10 手術後第五天 PEEP 已增加至 10 cm H 2 O, 而 V T 增加至 1000 ml 相關評估數據如下 : BP 130/60 mmhg ph 7.43 HR 120bpm PCO mmhg RR 10 breaths/min PO mmhg BT 38.3 C(101 F) HCO mmol/l
11 人工呼吸器的設定和 PEEP 醫療處置 PEEP 已增加至 10 cm H 2 O V T 增加至 1000 ml 使用範圍 臨床上常應用 Best PEEP 的作法, 由 5 cmh2o 的 PEEP 開始, 逐次增加 3~5 cmh 2 O, 達到 SaO2 90% FiO2 需求 < 氣道壓力及血壓均可接受的範圍 一般而言,ARDS 病患所需的 best PEEP 約為 7 ~20 cmh 2 O Tidal volume 早期 (680~1020ml) (10~15 ml/kg) 目前建議 (340~544ml) (5~8ml/kg)
16 病情進展 病人情況 氧合狀況已逐漸穩定並嘗試嘗試脫離呼吸器 尿量 治療原則 supplemental oxygen required to maintain the PaO 2 above 60 mm Hg or the SaO 2 above 90% should be used. Efforts should be made to decrease FIO 2 to less than 60% as soon as possible in order to avoid oxygen toxicity. Urine output : (1) minimal acceptable urine output for an adult is ml/kg/h (daily volume normally ml/d). (2) 依安先生體重最少約 816~1632 ml/d
17 問題 1.ARDS 的危險因子? 2. 氧合的指標? 3.PEEP 的使用 4. urine output 的指標與治療? 5. 呼吸器脫離的指標? 6. Other Strategies in Mechanical Ventilation?
38 氧合指標 Treatment of the hypoxemia seen in ARDS usually requires tracheal intubation and positive-pressure mechanical ventilation. The lowest levels of PEEP (used to recruit atelectatic alveoli) and supplemental oxygen required to maintain the PaO 2 above 60 mm Hg or the SaO 2 above 90% should be used. Efforts should be made to decrease FIO 2 to less than 60% as soon as possible in order to avoid oxygen toxicity. PEEP can be increased as needed as long as cardiac output and oxygen delivery do not decrease and airway pressures do not increase excessively. Prone positioning may transiently improve oxygenation in selected patients by helping recruit atelectatic alveoli; however, great care must be taken during the maneuver to avoid dislodging catheters and tubes.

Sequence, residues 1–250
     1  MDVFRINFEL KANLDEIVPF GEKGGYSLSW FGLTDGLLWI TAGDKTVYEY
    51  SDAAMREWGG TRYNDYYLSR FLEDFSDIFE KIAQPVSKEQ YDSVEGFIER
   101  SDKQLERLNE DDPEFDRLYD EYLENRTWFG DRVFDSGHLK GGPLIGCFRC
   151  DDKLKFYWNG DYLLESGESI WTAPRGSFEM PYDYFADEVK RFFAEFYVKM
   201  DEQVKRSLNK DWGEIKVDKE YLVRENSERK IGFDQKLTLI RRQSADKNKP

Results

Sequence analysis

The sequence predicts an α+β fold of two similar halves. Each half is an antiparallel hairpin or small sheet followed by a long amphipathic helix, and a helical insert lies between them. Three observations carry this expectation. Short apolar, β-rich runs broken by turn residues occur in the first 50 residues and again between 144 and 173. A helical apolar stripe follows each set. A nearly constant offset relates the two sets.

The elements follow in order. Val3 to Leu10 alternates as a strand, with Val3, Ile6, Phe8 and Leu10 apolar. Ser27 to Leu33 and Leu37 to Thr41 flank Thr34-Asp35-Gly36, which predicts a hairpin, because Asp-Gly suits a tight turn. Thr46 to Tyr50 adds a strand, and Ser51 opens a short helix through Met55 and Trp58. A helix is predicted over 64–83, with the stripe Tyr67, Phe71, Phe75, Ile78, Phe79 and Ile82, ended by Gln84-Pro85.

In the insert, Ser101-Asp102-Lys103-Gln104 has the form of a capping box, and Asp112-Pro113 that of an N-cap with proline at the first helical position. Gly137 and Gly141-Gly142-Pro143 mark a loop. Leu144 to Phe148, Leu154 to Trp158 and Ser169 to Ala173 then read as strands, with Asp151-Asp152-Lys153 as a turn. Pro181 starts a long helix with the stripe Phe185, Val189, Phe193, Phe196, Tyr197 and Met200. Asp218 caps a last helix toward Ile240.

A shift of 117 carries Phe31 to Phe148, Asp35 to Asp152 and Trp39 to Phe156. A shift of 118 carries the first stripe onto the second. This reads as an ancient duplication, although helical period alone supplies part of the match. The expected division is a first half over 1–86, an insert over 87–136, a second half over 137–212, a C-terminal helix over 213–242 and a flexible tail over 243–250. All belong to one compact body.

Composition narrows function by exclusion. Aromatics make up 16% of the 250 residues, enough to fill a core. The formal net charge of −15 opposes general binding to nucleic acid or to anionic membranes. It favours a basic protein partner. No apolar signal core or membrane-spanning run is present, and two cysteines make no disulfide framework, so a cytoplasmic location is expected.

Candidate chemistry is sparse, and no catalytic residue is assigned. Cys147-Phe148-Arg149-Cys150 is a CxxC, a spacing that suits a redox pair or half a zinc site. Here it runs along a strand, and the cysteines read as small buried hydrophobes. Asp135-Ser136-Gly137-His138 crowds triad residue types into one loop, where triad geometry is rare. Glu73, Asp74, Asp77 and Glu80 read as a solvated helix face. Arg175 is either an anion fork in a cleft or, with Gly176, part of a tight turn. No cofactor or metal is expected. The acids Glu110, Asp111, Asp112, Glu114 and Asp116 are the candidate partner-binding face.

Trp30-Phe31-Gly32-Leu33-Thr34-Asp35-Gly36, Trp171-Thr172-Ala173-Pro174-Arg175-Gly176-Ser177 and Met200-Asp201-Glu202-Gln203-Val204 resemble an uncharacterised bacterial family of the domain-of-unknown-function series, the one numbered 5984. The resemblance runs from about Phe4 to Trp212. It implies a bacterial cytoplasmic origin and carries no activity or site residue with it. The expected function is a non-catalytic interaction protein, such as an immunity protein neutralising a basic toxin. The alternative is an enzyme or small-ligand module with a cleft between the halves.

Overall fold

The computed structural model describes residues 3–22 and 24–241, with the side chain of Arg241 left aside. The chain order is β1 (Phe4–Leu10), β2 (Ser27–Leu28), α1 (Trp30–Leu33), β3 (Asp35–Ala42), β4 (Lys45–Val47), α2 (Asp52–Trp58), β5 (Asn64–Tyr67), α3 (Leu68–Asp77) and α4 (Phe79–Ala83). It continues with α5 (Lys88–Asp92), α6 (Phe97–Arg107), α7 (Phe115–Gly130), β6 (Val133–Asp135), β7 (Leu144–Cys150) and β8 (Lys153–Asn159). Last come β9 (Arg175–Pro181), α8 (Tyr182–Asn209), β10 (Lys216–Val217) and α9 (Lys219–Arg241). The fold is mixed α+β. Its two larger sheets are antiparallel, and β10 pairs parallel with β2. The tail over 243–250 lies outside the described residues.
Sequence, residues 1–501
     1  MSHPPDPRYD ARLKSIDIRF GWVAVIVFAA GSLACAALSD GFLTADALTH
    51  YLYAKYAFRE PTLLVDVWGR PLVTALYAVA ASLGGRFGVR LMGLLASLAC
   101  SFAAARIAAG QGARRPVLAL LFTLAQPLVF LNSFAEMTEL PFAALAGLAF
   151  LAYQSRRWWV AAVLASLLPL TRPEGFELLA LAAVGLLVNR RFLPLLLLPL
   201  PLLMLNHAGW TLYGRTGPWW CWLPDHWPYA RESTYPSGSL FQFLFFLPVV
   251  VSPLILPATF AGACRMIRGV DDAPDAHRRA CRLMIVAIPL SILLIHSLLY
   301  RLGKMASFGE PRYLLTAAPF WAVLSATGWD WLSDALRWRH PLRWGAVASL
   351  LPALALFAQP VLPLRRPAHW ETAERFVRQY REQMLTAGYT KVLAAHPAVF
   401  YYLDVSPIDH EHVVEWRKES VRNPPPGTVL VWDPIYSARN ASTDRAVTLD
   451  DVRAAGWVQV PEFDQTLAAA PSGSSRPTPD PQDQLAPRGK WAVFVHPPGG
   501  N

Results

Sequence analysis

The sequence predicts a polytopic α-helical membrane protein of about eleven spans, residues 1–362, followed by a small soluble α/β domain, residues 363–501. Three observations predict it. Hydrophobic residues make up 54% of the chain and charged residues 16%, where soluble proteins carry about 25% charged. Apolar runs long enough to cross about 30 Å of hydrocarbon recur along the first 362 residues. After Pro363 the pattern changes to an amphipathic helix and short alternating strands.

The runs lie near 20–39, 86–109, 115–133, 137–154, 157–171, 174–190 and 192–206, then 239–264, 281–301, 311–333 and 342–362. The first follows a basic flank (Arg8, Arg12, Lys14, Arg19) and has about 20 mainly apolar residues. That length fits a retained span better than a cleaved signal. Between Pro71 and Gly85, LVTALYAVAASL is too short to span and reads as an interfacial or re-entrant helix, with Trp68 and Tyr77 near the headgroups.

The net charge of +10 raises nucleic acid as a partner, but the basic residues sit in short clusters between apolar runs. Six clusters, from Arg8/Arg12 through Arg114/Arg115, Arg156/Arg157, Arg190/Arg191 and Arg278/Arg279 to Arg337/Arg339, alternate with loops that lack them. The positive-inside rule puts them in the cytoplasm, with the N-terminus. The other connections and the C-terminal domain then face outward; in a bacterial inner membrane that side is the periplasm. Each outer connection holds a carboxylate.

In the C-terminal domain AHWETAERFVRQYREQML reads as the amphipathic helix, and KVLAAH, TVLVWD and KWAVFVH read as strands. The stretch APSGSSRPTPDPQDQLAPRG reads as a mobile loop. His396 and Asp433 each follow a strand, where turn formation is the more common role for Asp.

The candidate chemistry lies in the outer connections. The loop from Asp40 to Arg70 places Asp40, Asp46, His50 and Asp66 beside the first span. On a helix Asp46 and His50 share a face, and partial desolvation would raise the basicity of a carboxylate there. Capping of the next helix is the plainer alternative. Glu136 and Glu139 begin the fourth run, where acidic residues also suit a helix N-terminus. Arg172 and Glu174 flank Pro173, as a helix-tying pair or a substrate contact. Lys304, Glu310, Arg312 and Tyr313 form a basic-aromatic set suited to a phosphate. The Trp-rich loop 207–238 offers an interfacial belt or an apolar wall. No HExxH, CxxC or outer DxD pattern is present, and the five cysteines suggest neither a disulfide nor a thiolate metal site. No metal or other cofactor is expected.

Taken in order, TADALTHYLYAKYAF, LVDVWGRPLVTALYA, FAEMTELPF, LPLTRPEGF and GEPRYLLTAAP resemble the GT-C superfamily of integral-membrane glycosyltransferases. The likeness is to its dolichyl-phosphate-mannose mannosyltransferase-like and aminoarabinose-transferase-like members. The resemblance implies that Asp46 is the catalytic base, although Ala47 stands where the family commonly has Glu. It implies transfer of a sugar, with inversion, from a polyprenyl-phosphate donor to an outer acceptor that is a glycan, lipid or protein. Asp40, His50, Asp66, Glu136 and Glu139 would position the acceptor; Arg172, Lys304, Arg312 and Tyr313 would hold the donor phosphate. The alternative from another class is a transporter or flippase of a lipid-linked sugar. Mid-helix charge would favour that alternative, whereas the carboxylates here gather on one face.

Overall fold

39 PEEP 的使用 PEEP 之使用在 ALI/ARDS 病患非常重要 適當的 PEEP 可募集較多的肺泡參與換氣, 增加肺順應性, 減少死腔, 降低肺內分流, 而可提高 PaO2, 減少氧氣的使用 但是過高的 PEEP, 則會造成肺泡過度膨脹, 肺順從性降低, 氣道壓力上升, 並會降低心輸出量 因此, 臨床上常應用 Best PEEP 的作法, 由 5 cmh2o 的 PEEP 開始, 逐次增加 3 ~5 cmh 2 O, 達到 SaO2 90% FiO2 需求 < 氣道壓力及血壓均可接受的範圍 一般而言,ARDS 病患所需的 best PEEP 約為 7 20 cmh 2 O
40 MAINTENANCE OF URINE OUTPUT Maintain adequate urinary output (30 50 ml/h). Insert an indwelling urinary catheter to monitor urine output. If myoglobinuria is present, rehydrate the patient with isotonic saline, alkalinize the urine with intravenous administration of bicarbonate, and consider the use of mannitol, 0.25 g/kg intravenously, to promote diuresis. Maintain blood pressure and urine output with intravenous infusion of crystalloid solutions and inotropic agents as
41 necessary (monitoring of central venous pressure or pulmonary capillary wedge pressure may be required). - Adrenergic drugs -Adrenergic drugs are contraindicated because they produce vasoconstriction and decrease heat exchange. Dobutamine may be preferable to dopamine as an inotropic agent, because it does not have the -adrenergic renal effects associated with dopamine at rapid rates of infusion.